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Rethinking the "Cancer-Cluster Myth"

Rethinking the "Cancer-Cluster Myth"

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In February 2011, I reported a story for High Country News about the Environmental Protection Agency’s efforts to solve environmental health problems through funding epidemiological research. The Agency had announced it would focus on “cumulative impacts,” or the compounding effects of toxic exposure and other stressors on public health. Those I interviewed from communities around the Houston, Texas Ship Channel, where some of the research was based, were pleased with the Agency, which, until then, had mostly investigated the health effects of isolated chemicals. But they knew from experience that these studies would take a long time — and may not reveal conclusive answers. They doubted, even, that any significant findings would be put to use. “The studies are done. They’re scientifically proven, ” Juan Parras, director of the Houston environmental advocacy group TEJAS, told me. “Then they sit in the library, and nobody addresses the solution.”

Epidemiology is a notoriously difficult science, particularly when it comes to linking cancer cases to a common cause. By the 1980s, the Centers for Disease Control and Prevention had largely given up investigating cancer clusters; of 108 such investigations in the ‘60s and ‘70s, none pointed to a culprit. A popular theory dismissed clusters as a matter of happenstance, or, as Atul Gawande wrote for The New Yorker in 1999, in “The Cancer-Cluster Myth,” “the result of almost irresistible errors in perception” — of the human instinct to see coincidence as cause for alarm.

In any circumstance, clusters have become casualties of statistics. Scientific significance — and a low margin of error — requires a large sample size. Often, communities with clusters are so small that studies result in false negatives, demonstrating no conclusive link between a toxin and the cluster, when, really, a link could exist. “It’s a huge source of frustration for everyone, scientists and communities alike,” Rachel Morello-Frosch, a professor of public health at the University of California, Berkeley, told me. “By the time you see a relationship between environmental exposure and a health concern, you’re basically doing a dead body count.”

With the support of a 2013 National Health Journalism Fellowship, I’ll examine why epidemiology and other scientific inquiries into environmental health problems rarely secure regulatory change or care for those impacted. My story is based in a small town in central Nevada, site of the most significant childhood cancer cluster on national record. Given the town’s small size, there is a one in 232 millionth chance that the cluster was merely coincidental. Statistically, it seems, the cases had to have a common cause.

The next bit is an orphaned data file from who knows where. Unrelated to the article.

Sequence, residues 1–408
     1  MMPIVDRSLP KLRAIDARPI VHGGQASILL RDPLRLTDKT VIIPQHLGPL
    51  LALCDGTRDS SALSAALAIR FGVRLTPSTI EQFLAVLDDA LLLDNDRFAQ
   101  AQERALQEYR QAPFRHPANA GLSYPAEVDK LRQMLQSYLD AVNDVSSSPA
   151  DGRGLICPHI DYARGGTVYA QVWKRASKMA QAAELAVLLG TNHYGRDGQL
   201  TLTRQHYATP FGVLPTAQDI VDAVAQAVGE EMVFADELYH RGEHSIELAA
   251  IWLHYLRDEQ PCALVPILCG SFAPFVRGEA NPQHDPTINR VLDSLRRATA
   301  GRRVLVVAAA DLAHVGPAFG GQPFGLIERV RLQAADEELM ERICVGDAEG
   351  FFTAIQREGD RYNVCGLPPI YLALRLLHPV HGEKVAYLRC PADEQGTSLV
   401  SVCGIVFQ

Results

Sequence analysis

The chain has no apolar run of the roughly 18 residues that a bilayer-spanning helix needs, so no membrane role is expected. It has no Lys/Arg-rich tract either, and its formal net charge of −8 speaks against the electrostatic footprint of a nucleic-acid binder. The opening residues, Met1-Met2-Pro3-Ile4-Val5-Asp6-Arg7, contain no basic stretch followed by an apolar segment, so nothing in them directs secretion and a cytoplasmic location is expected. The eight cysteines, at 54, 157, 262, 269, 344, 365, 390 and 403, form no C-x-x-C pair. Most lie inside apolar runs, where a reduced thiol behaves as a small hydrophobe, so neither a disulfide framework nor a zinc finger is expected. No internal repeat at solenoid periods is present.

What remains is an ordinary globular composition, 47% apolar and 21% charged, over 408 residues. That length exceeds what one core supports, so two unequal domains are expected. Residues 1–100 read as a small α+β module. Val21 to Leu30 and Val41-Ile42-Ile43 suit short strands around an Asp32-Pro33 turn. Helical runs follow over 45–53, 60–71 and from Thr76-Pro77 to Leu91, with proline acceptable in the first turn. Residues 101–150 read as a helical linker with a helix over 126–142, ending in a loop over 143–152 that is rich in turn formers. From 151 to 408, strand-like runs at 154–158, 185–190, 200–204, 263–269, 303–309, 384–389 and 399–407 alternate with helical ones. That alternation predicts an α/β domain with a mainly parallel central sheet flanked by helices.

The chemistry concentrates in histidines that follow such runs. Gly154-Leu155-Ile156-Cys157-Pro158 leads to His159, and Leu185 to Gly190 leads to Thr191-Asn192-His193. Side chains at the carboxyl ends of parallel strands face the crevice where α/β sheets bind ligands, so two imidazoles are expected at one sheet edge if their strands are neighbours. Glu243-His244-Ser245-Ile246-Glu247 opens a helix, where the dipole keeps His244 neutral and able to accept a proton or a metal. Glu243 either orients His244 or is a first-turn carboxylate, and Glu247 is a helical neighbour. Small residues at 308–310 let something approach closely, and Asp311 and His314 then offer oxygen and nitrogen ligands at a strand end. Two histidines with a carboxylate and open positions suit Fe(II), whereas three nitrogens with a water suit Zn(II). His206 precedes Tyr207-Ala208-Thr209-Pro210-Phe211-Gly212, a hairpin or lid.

There wasn’t a lack of suspects; the problem may have been that there were too many. The CDC launched a lengthy investigation and several federal agencies followed, but none of the studies turned up answers. Four children died, and as the cluster appeared to taper off, public attention waned.

But the recent diagnosis of three more children and a lawsuit against a possible culprit have caused town residents to wonder, again: What caused the cluster, and could the cause have lingered? My investigation is, in part, an unearthing of an old mystery. It’s also a critical look at the way communities, scientists, companies, and government agencies solve — and often fail to solve — environmental health problems. I’ll examine 12 years of scientific findings that were buried under the inevitable insignificance of small numbers, and I’ll meet the researchers who are still looking for answers. I’ll meet parents who put their faith in science to come to their defense and were confused and angry when it did not. I’ll reflect, too, on the general uncertainty of science and question the standard approach to environmental health problems. In this case, as in many, the onus was on victims to prove that an injustice was committed against them, rather than on industry to ensure its practices were safe. 

Image by Pam and Phil via Flickr

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